Arts Desk

Arts Roundup: Today’s Heat Would Melt the Bubble Anyway Edition

Someday, the Bubble?: The Hirshhorn Museum was supposed to be decked out with a giant bubble early next year. Wait, maybe October 2012. Maybe never, but possibly eventually, Tyler Green at Modern Art Notes reported yesterday. Green couldn't get any bubble updates out of the Hirshhorn museum's recent board meetings, and when a museum spokesperson was asked if the late 2012 target opening of Richard Koshalek's $7.5 million pet project was still in reach, the flack got cagey and said nothing. Though Kriston Capps estimates that Koshalek is still pushing ahead, based on the museum director's ability to describe a full slate of bubble programming whenever the damn thing opens.

No Flash Mobs Without Representation: D.C. gets left out of a lot given its shoddy place in Congress. Health funding, arts funding, full voting rights. But if flash mobs go next, it's on Del. Eleanor Holmes Norton, TBD's Maura Judkis writes. Norton, looking to sass the feds for trampling on Washingtonians' right to get down at the Jefferson Memorial, wants the Mall to be a place "where people can enjoy dancing and jazz and string quartets." And July 30 is National Dance Day, so Norton is "sponsoring" a flash mob, which is also sponsored by one of those stupid dancing TV shows. Except announcing a flash mob makes it not a flash mob, as does its announced purpose. Judkis makes a plea to save the flash mob—"we need to flash-mob Norton's flash mob" (emphasis not added)—though personally, I was glad not to run into those loud and obnoxious carolers last Christmas after TBD blew their cover and ruined Christmas.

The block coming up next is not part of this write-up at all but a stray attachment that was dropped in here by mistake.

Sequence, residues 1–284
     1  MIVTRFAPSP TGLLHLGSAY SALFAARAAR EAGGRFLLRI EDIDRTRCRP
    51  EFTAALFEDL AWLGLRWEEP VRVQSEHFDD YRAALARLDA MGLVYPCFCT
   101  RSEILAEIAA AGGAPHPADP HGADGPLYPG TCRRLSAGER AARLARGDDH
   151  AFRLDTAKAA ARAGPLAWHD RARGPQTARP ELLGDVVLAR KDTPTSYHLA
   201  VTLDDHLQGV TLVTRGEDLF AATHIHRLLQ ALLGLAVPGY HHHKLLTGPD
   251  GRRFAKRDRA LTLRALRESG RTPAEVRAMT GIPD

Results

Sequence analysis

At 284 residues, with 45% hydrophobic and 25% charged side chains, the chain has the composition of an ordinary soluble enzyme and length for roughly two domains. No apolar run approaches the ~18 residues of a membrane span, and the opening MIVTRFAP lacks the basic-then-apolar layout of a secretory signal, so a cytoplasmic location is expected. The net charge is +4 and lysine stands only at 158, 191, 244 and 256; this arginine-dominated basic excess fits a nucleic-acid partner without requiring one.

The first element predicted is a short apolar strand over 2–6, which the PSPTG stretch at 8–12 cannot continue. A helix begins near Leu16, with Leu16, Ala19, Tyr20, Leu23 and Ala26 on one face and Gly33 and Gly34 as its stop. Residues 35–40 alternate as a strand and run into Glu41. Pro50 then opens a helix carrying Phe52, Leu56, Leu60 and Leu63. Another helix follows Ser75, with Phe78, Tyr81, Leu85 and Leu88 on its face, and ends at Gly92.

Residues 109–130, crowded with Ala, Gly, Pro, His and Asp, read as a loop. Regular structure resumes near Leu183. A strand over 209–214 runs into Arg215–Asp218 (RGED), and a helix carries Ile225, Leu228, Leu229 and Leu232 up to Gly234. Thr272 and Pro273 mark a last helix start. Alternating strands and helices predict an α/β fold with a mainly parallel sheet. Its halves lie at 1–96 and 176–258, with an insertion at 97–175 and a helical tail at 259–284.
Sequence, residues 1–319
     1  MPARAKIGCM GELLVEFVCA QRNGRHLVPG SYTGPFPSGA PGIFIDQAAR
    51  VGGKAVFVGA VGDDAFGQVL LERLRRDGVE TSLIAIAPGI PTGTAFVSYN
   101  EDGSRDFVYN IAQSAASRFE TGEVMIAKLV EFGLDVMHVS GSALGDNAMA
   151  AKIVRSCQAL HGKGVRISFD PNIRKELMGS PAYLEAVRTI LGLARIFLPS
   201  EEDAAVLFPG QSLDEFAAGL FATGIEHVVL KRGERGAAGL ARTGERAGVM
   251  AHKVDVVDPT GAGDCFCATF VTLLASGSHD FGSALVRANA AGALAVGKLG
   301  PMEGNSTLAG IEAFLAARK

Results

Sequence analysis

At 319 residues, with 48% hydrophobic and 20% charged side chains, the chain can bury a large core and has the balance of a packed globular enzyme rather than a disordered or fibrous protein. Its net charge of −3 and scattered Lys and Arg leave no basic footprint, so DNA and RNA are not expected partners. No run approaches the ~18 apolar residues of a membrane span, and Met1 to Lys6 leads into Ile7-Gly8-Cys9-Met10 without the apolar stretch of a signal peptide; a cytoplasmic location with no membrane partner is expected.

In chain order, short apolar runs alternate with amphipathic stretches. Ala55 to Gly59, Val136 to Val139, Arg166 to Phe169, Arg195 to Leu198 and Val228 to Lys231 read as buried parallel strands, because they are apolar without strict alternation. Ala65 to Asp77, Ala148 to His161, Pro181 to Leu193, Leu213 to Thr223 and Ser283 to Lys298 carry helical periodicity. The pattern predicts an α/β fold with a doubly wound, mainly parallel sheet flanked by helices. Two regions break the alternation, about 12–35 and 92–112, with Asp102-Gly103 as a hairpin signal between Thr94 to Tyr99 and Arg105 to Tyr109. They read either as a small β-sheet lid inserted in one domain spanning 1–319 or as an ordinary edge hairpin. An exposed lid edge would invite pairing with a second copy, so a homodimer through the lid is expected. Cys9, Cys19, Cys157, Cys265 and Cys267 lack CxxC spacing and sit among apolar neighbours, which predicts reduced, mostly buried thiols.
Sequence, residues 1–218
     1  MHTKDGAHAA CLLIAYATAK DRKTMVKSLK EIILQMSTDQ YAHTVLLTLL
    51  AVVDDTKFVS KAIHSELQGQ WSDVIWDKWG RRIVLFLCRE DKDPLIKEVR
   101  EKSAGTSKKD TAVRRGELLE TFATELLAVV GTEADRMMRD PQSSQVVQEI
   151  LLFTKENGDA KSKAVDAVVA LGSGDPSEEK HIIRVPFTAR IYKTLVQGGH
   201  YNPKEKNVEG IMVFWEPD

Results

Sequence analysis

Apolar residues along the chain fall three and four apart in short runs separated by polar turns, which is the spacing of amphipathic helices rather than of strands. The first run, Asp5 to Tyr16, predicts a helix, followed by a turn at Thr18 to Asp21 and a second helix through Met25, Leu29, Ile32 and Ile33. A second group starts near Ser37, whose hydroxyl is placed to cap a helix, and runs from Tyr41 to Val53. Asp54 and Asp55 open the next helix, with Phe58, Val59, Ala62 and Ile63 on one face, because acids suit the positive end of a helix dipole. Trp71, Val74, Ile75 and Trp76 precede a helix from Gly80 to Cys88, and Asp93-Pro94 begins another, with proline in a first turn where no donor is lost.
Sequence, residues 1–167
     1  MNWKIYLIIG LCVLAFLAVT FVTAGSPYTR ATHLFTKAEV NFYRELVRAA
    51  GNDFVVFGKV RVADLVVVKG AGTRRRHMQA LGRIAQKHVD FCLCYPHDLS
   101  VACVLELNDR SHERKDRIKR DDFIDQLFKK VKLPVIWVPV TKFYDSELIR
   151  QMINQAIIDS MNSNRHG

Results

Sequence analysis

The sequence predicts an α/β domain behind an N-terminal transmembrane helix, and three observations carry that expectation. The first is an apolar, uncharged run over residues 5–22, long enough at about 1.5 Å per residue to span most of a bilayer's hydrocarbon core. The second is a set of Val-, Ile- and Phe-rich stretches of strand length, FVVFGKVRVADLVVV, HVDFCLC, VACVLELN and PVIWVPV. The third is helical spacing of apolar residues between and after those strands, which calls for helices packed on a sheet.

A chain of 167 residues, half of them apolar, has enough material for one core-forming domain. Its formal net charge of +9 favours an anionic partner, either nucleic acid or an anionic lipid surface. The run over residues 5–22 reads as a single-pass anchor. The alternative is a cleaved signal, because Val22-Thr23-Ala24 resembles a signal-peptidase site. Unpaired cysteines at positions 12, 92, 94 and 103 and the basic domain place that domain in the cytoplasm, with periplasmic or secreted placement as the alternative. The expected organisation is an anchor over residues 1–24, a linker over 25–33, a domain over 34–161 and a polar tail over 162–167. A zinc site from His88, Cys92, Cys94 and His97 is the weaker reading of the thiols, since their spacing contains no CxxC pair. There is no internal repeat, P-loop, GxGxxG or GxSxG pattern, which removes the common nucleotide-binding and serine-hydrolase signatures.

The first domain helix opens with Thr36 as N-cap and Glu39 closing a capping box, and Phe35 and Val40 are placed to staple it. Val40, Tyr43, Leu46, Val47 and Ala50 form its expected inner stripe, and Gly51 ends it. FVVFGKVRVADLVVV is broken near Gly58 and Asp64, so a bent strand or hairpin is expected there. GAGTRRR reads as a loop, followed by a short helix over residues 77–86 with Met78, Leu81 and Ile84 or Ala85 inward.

HEADLESS PROFILE IN PANTS-LESS STORY: WaPo Style's man from New York, Jason Horowitz, follows New York Post rage columnist Andrea Peyser around that looney-bin of a press conference Rep. Anthony Weiner held on Monday. Peyser hates most famous people (not necessarily a bad thing), large swaths of foreigners, and the Mets. Where sex scandals erupt, Peyser follows to be a public scold, and to remind everyone that The New York Post once considered her its "columnist of the year," a moniker she held on to for much longer than that. But Horowitz's day wasn't all bad, he got some bagels in Queens while chatting up the locals about, sigh, Weiner.

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